Tools for the Process: Technology to Support Creativity and Innovation

Tools for the Process: Technology to Support Creativity and Innovation

Rachel Heinen, Salvatore A. Leone, Joshua Fairchild, Lily Cushenbery, Samuel T. Hunter
Copyright: © 2015 |Pages: 30
DOI: 10.4018/978-1-4666-8205-4.ch016
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Technology exerts an all-encompassing impact on the modern workplace, and has a strong influence on how designers approach creative problem solving. Such technologies can be valuable tools for organizations seeking to develop creative solutions to maintain a competitive advantage. However, with the rapid pace of technological development, it can be difficult for organizations to remain up-to-date and ahead of the competition. There is much that is still unknown about the ways in which novel technologies influence creative performance. The chapter attempts to provide insight on this topic by utilizing a process model of creative endeavors to predict how various types of technology may be used to enhance organizational creativity and innovation. Recommendations for future research and practice in the realms of technology and innovation are also discussed.
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This chapter aims to explore the influences novel technologies have on the creative process. Although “creativity” or “creative behavior” represents a complex, integrated process, comprising for the sake of application, we will utilize a commonly accepted definition of ‘creativity’ as ideas that are both novel (original or unexpected) and useful (practical and serving a specific purpose) (Runco & Jaeger, 2012). ‘Creative performance’, then is the behavioral act of generating such novel and useful ideas. ‘Innovation’ is commonly accepted to be implementation of creative ideas (West & Altink, 1996). Additionally, we use the term ‘designer’ as a generic phrase to indicate a person who engages in the creative process (thus producing some form of creative design).

Finally, within this chapter, we adopt a definition of ‘technology’ from Aziz (1995), referring to any “tools or tool systems by which we transform parts of the environment, derived from human knowledge, to be used for human purposes” (Aziz, 1995, p.478). ‘Software’, then, will be defined concretely as electronic applications that users interact with through a technological system.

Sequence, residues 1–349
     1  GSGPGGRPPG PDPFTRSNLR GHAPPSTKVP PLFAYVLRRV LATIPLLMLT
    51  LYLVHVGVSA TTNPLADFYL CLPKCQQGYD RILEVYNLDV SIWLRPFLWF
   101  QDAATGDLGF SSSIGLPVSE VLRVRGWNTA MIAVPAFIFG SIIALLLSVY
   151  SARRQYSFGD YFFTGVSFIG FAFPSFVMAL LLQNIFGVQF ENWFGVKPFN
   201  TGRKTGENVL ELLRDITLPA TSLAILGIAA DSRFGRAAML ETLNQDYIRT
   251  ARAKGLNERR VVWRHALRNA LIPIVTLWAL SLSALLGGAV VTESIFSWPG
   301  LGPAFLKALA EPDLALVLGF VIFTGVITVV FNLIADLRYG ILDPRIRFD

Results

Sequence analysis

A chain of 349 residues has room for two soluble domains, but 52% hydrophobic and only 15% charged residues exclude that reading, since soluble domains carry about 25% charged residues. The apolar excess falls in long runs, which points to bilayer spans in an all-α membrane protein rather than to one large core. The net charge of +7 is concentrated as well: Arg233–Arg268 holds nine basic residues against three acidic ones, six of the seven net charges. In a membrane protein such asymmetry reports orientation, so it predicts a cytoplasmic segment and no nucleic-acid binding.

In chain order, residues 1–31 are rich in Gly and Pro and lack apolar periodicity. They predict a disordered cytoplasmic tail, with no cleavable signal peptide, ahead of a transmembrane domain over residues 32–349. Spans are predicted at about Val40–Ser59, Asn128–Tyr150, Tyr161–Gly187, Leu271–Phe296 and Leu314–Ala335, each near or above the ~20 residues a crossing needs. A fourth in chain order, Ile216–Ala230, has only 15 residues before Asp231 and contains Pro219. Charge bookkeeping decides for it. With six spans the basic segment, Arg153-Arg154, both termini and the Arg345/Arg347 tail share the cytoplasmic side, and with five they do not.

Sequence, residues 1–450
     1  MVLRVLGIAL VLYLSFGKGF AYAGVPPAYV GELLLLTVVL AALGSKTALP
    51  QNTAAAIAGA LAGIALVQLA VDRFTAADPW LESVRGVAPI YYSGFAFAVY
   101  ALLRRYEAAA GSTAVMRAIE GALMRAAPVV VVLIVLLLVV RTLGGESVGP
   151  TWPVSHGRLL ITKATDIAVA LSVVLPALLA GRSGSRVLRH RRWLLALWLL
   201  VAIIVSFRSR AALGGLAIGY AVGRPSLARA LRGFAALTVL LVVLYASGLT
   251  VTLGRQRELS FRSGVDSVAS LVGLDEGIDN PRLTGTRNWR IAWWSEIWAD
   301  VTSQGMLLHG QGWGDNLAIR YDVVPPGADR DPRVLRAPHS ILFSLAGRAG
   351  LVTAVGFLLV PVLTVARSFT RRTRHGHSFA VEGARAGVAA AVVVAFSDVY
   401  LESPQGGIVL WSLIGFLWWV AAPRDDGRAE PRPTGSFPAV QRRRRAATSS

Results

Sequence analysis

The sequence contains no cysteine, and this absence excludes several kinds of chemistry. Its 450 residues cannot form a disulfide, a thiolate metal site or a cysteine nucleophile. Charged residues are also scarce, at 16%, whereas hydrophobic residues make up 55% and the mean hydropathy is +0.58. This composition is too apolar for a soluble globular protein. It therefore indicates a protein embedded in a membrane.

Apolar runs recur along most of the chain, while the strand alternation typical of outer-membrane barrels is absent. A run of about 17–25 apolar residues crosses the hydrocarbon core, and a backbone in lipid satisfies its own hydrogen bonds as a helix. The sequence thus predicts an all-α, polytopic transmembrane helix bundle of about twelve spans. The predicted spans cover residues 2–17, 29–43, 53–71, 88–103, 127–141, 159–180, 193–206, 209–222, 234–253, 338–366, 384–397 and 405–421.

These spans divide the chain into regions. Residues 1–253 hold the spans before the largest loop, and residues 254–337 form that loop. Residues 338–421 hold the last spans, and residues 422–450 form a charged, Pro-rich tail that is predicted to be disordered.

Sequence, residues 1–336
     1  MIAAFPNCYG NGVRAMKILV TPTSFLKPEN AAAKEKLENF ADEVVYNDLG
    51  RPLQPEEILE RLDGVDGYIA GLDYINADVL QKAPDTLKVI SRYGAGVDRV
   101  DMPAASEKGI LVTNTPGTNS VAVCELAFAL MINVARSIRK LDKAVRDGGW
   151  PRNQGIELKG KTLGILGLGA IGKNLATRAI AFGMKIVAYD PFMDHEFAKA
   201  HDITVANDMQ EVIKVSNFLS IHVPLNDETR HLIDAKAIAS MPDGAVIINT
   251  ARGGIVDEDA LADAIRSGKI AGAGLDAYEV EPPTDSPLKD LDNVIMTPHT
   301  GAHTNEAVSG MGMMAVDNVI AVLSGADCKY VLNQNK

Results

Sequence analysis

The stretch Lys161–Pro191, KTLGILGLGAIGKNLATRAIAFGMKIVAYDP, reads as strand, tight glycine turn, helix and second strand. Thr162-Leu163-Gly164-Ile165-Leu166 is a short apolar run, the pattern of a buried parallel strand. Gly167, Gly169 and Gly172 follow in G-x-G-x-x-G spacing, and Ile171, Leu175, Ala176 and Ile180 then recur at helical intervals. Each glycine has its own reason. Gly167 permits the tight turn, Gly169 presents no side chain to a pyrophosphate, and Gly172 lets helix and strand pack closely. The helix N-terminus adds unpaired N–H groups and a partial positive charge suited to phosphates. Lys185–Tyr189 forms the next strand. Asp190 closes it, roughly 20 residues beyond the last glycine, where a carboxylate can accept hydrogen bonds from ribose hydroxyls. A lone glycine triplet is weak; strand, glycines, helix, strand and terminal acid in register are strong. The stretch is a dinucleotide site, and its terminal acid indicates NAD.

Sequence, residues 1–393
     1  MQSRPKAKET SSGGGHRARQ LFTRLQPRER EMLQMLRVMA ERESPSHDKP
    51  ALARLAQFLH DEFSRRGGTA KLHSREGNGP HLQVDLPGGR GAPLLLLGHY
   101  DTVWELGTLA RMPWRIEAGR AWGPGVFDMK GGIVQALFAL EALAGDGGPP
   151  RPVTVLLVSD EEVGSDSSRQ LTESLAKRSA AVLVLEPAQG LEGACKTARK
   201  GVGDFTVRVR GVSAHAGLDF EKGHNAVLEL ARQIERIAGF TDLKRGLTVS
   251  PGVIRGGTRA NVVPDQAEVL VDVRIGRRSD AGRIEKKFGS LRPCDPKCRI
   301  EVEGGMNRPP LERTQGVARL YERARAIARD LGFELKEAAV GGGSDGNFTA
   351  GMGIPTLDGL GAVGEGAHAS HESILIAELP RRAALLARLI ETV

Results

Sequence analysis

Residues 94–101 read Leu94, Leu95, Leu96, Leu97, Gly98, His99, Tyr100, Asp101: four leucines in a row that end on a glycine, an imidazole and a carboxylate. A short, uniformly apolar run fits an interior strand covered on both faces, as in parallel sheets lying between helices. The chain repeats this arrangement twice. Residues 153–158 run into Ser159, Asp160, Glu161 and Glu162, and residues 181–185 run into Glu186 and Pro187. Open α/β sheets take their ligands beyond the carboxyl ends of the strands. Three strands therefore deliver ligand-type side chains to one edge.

Bearing these definitions in mind, the present chapter provides insight into how organizations may capitalize on such developing technologies in order to enhance their creative performance and facilitate innovation. We adopt a process perspective on creativity and innovation (e.g., Mumford et al., 1991), through which we examine the impact of new and emerging technologies on creative tasks. A visual depiction of Mumford and colleagues’ (1991) model of the creative process is presented in Figure 1.

Key Terms in this Chapter

Rapid Prototyping: A family of technologies that enable the relatively fast and low-cost production of products for testing and evaluation purposes.

Creativity: Ideas that are both novel (original or unexpected) and useful (practical and serving a purpose).

Brainstorming: An idea generation process in which individuals or groups are instructed to generate ideas without criticizing or censoring themselves or one another.

Crowd Funding: A method of resource gathering where interested potential customers pledge money to innovators for a product that has not yet been created.

Technology: Tools or systems that provide support for some human activity.

Psychological Safety: A perception that team members’ contributions will be encouraged, and that disagreement or criticism will not be met with negative reactions, even if the contribution is radical or goes against the established norms of the group.

Computer-Aided Design: A family of software programs that enable the generation of two- and three-dimensional virtual models.

Innovation: The production or manufacture of creative ideas into a useful solution.

Software: Electronic technologies that enable users to interact with a technological system.

Production Blocking: Phenomenon which occurs in a group brainstorming setting where only one member is allowed to speak at a time, causing other members to forget earlier ideas shared or prevent members from sharing their current immediate thoughts.

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